Plant Molecular Biology

, Volume 99, Issue 6, pp 517–534 | Cite as

The Arabidopsis thaliana transcription factor MYB59 regulates calcium signalling during plant growth and stress response

  • Elisa Fasani
  • Giovanni DalCorso
  • Alex Costa
  • Sara Zenoni
  • Antonella FuriniEmail author


Key message

Transcription factor MYB59 is involved in plant growth and stress responses by acting as negative regulator of Ca signalling and homeostasis.


The Arabidopsis thaliana transcription factor MYB59 is induced by cadmium (Cd) and plays a key role in the regulation of cell cycle progression and root elongation, but its mechanism of action is poorly understood. We investigated the expression of MYB59 and differences between wild-type plants, the myb59 mutant and MYB59-overexpressing lines (obtained by transformation in the mutant genotype) during plant growth and in response to various forms of stress. We also compared the transcriptomes of wild-type and myb59 mutant plants to determine putative MYB59 targets. The myb59 mutant has longer roots, smaller leaves and smaller cells than wild-type plants and responds differently to stress in germination assay. Transcriptomic analysis revealed the upregulation in the myb59 mutant of multiple genes involved in calcium (Ca) homeostasis and signalling, including those encoding calmodulin-like proteins and Ca transporters. Notably, MYB59 was strongly induced by Ca deficiency, and the myb59 mutant was characterized by higher levels of cytosolic Ca in root cells and showed a modest alteration of Ca transient frequency in guard cells, associated with the absence of Ca-induced stomatal closure. These results indicate that MYB59 negatively regulates Ca homeostasis and signalling during Ca deficiency, thus controlling plant growth and stress responses.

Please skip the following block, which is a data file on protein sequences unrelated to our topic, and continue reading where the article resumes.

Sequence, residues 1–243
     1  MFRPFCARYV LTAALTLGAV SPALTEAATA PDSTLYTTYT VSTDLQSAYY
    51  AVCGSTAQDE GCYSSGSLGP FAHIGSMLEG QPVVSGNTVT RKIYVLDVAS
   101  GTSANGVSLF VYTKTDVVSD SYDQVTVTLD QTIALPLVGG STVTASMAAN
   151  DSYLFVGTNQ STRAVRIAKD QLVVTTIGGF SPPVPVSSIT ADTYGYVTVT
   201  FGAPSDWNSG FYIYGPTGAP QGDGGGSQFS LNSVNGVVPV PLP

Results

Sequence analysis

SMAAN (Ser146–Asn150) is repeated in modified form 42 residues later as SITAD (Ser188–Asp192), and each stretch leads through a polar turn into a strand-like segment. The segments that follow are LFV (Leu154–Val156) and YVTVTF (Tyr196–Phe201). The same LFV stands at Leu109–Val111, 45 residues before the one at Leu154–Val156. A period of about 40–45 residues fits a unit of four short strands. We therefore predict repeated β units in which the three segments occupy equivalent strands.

Arabidopsis thaliana Ca signalling and homeostasis Plant growth MYB transcription factor Stomata Stress response 



The authors are grateful to Dr. Gaétan Glauser of the Neuchâtel Platform of Analytical Chemistry (NPAC, Université de Neuchâtel, Switzerland) for the measurement of IAA content and to Dr. Maria Teresa Scupoli and Dr. Chiara Cavallini of the University Laboratory for Medical Research (LURM, University of Verona, Italy) for the flow cytometry analysis.

Author contributions

EF performed most of the experiments and wrote the article with contribution of AF and GD, AC designed and helped with the Cameleon experiments and provided assistance in understanding the resulting data. SZ provided assistance in microarray analysis and interpretation. AF and GD conceived the project and supervised the experiments. EF and GD equally contributed to this work.


Funding for E.F.’s PhD and research grant were from Italian Ministry of University and Research (MIUR).

Supplementary material

11103_2019_833_MOESM1_ESM.pdf (272 kb)
Online Resource 1 Semi-quantitative analysis of the expression of the three MYB59 isoforms by real-time RT-PCR under control conditions, Cd treatment, drought, ABA and salt stress. Supplementary material 1 (PDF 272 KB)
11103_2019_833_MOESM2_ESM.pdf (143 kb)
Online Resource 2 Comparison of MYB59 expression in wild-type, myb59 mutant and MYB59- overexpressing lines. Supplementary material 2 (PDF 143 KB)
11103_2019_833_MOESM3_ESM.pdf (146 kb)
Online Resource 3 Distribution of diameter of the protoplast from leaf 4 and 11 of four-week-old plants in wild-type, myb59 mutant and MYB59-overexpressing plants. Supplementary material 3 (PDF 146 KB)
11103_2019_833_MOESM4_ESM.pdf (250 kb)
Online Resource 4 Stress tolerance in wild-type, myb59 mutant and MYB59-overexpressing plants. Supplementary material 4 (PDF 250 KB)
11103_2019_833_MOESM5_ESM.pdf (159 kb)
Online Resource 5 Expression of MYB59 isoforms after 6 and 24 hours and 4 days under low-Ca treatment. Supplementary material 5 (PDF 158 KB)


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Copyright information

© Springer Nature B.V. 2019

Authors and Affiliations

  1. 1.Department of BiotechnologyUniversity of VeronaVeronaItaly
  2. 2.Department of Life SciencesUniversity of MilanoMilanItaly

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